Communique #2 – Resolutions

January 18, 2019

National Chairperson of Resolutions Cathy Bouchard, January 17, 2019

PDF

Suggested Additions to the Resolutions Supplement to the Executive Handbook

The national executive [board] is undertaking changes in the resolutions process. A committee was struck to look for areas of improvement, particularly when members debate “wordsmithing” rather than the content of a resolution on the convention floor. The hope is to streamline the process and focus on the issues addressed in resolutions. The committee wishes to emphasize the role of the spiritual advisor as part of the committee. The matter in question is how to move issues of concern from parish to national level in an acceptable format. Parish councils should focus on the topic and consider utilizing experienced members in the writing of resolutions. It needs to be emphasized that a well-written resolution is a strong statement of the League position.

Below are some of the proposed improvements to the resolutions process being carried out by the national resolutions committee:
a. Encourage formation of longer-term resolution committees at diocesan and provincial levels to assist in the preparation of resolutions, i.e. committees of expertise that continue longer than two years.
b. Involve an editor and an expert in the subject area(s) of the resolution in the rewrite/ refinement process.
c. Compile and make available to provincial and national levels a resource list and contact information of professionals.
d. Offer assistance in the preparation of resolutions and training of provincial chairpersons of resolutions, perhaps through a workshop/webinar.
e. Through the national chairperson of resolutions:
• Request topics of resolutions in the fall.
• Contact provincial executives to request the drafts/intent of provincial resolutions under consideration in March.
• Share the drafts/intent among the provincial chairpersons of resolutions in order to avoid duplication or share ideas. (The goal is to raise members’ awareness of issues and access capable assistance in the writing process.)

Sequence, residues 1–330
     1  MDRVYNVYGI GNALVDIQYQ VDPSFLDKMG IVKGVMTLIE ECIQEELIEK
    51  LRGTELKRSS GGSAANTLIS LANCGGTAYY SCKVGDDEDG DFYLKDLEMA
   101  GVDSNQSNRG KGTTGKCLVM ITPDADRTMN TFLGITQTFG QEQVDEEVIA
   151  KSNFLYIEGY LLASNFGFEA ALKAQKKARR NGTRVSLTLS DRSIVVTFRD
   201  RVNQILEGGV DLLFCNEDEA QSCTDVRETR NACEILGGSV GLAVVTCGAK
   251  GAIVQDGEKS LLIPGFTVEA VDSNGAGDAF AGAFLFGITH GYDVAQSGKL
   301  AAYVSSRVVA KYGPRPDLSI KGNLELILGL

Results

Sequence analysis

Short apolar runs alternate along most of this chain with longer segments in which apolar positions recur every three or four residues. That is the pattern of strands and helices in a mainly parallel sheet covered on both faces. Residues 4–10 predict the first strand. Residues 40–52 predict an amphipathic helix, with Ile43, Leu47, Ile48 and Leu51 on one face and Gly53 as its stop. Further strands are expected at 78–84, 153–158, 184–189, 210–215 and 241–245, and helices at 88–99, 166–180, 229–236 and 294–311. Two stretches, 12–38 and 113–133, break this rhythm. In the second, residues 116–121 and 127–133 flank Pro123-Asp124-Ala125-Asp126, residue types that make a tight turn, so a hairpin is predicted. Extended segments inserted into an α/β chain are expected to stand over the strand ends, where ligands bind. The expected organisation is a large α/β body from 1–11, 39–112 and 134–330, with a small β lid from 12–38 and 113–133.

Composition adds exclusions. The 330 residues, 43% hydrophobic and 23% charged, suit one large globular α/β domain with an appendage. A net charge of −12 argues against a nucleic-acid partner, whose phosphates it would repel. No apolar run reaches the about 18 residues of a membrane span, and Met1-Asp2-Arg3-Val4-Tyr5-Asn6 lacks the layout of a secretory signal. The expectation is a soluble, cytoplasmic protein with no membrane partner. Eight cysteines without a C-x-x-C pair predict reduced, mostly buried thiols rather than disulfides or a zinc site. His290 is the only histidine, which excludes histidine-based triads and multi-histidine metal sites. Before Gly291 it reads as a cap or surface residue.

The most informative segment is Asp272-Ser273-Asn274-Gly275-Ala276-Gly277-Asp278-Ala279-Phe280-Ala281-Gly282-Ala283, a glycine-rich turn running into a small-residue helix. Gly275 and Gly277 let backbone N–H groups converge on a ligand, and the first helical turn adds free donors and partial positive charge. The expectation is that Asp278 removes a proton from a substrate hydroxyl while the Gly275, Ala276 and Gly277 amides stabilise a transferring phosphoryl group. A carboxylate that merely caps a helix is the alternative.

• Compile a list of drafts/intents and share it with committee members, including the national spiritual advisor, to become familiarized with the topics.
• Coordinate the sharing of resolutions adopted provincially among provincial councils to facilitate research and study on the official positions of the provincial councils. This will also provide members at other levels awareness of what will be discussed at the national convention.
f. Emphasize the importance of the national spiritual advisor’s attendance at resolutions meetings to advise on the position of the Canadian Conference of Catholic Bishops that the League may not be aware of. If he is unable to attend, an alternate representative should be appointed.
g. Make every effort to ensure that all proposed resolutions, with sufficient support for the proposed position, are well articulated and delivered to board members the day before the pre-convention meeting (at registration).
h. Provide clarity around the adoption at provincial/national levels regarding when action can be taken. Following a review by the committee regarding a resolution adopted at the provincial level and forwarded to the national level for consideration, if the committee recommends that the resolution will not come to the convention floor because it is not a national but a provincial issue, the resolution will be returned to the province for action. [Essentially, national has not taken ownership of the gift of the resolution so the provincial council takes back ownership and can work on the resolution. A letter will be sent to the submitting provincial council to inform it of this decision.] i. Work, as time is available, to correct the format of resolutions rather than reject a proposed resolution for format.

Summary of recommendations
• The new process will be tested for the 2019 convention year.
• Education of members to the new process is key to the roll out.
• Resolutions will be accepted as League positions (education component).
• The new process will be evaluated following the convention and, with revisions based on the testing of the process, will be formally adopted by the board.

Presenting the Resolutions